August 19, 2004

All hands on deck

Huge security demands for the GOP convention mean few will go untapped, including recruits


Facing big challenges on several fronts, the Police Department will call up all available hands during the GOP convention, including enlisting its rawest recruits to direct traffic.

All at once, the NYPD confronts a threatened illegal sickout, troop strength sapped by budget concerns, new terrorist-threat warnings from the Bush administration and anti-war demonstrations.

On top of that are the more routine security measures, from blocked streets to mass-transit concerns, that go with having a national political conclave in town.

Patrolmen's Benevolent Association activists, meanwhile, have made the chants "No Contract, No Convention" and "Blue Flu on Convention Day" their most threatening slogans as they follow Mayor Michael Bloomberg around the city.

They brought the chanting close to the mayor's landmark East Side brownstone early yesterday before he took off for the Olympics in Athens, but Bloomberg said it didn't bother him.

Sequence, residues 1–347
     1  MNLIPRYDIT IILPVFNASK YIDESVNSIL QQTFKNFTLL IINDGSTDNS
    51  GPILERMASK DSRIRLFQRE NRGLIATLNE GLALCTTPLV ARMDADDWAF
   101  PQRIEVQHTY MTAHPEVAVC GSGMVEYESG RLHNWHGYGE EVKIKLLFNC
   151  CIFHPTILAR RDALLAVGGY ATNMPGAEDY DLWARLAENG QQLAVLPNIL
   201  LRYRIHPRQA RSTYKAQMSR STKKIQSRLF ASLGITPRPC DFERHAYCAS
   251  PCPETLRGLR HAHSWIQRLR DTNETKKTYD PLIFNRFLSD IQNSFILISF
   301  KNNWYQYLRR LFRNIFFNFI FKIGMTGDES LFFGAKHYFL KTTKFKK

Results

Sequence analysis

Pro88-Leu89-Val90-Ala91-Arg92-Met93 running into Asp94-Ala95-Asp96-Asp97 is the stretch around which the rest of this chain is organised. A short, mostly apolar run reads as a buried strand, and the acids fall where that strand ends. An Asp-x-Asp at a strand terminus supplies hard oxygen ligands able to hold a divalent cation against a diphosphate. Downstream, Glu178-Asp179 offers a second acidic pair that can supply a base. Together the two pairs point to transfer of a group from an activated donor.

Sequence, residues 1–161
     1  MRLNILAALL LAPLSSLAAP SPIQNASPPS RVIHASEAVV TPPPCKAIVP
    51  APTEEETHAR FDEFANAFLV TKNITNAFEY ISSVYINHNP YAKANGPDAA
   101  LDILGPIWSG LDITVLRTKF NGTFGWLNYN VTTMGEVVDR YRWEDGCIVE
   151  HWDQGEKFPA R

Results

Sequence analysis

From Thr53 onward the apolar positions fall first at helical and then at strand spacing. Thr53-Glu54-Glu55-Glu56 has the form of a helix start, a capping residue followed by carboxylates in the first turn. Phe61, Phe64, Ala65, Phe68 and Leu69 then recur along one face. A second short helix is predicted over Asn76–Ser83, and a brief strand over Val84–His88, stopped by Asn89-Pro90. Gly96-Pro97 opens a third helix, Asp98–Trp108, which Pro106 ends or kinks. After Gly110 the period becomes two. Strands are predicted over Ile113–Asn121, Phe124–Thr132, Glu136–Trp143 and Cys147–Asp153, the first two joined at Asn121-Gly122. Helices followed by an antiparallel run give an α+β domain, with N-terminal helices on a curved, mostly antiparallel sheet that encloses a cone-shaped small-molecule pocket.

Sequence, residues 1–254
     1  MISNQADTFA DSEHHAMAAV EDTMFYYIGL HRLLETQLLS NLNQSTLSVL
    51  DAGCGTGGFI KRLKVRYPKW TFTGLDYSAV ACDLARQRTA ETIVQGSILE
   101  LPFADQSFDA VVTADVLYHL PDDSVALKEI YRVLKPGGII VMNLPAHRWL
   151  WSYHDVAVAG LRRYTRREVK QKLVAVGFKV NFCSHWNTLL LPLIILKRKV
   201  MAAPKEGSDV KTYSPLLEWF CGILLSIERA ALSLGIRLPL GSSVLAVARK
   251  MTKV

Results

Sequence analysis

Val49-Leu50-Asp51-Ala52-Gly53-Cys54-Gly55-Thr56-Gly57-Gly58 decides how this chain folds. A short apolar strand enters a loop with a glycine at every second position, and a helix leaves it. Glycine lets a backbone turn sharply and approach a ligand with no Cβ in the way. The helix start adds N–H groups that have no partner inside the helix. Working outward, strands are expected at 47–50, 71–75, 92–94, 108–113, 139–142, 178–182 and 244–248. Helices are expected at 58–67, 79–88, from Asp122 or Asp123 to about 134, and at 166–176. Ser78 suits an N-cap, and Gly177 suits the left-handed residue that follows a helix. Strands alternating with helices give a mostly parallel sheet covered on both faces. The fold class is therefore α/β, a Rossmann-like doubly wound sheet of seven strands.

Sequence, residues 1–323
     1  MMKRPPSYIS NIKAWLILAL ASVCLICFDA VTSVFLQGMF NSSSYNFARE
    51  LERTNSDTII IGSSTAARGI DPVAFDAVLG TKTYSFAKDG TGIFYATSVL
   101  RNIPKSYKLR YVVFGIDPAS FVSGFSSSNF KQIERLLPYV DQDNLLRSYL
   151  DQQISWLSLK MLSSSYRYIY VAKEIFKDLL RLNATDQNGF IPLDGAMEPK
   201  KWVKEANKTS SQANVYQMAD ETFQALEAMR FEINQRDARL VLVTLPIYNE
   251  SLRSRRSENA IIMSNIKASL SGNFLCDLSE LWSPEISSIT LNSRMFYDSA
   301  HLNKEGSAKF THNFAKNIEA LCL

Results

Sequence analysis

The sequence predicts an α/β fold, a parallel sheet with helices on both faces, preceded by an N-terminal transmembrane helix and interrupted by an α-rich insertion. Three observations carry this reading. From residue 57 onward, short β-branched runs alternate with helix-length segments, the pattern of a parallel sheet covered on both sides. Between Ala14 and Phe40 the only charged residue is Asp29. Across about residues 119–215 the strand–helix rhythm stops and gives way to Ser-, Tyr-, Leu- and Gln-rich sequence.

Police acknowledge plans to use recruits during the convention, but top brass insists all preparations are unrelated to the labor threat.

"Their role is exclusively traffic control, and that's been part of the planning all along," Deputy Police Commissioner Paul Browne said, referring to the cadets. He added that the newbies will be supervised by senior cops as has been the case in the past.

Overtime costs are expected to be huge, budget experts say.

With or without a confirmed link to the labor dispute, the use of hundreds who have yet to graduate from the Police Academy led PBA President Pat Lynch to lament the way attrition has thinned police ranks.

"We've said publicly that it's not an initiative that the union instigated or supports," spokesman Al O'Leary said. "Frankly, they are struggling any way they can to find resources to keep the city safe."

Some Correction Department insiders said they believed recruits from a new class formed only last week were being prepared for a role in convention patrols. Agency spokesman Tom Antenen strenuously denied any such activity.

The mayor, appearing at the Tweed Courthouse yesterday, said, "We have the greatest police department and fire department. The people that work there are not going to strike. They're very proud of the job they do.

"You've got a handful of hotheads who, late at night, I think they were gathered together half a block away from where I live," he said. "You don't win any friends by yelling and screaming and waking people up at 1:30 in the morning.

"I slept very well," Bloomberg said.

Bloomberg also warned that the NYPD will be stretched too thin to accommodate shifting a planned rally of 250,000 by United for Peace and Justice to Central Park, which is now the group's goal in federal court.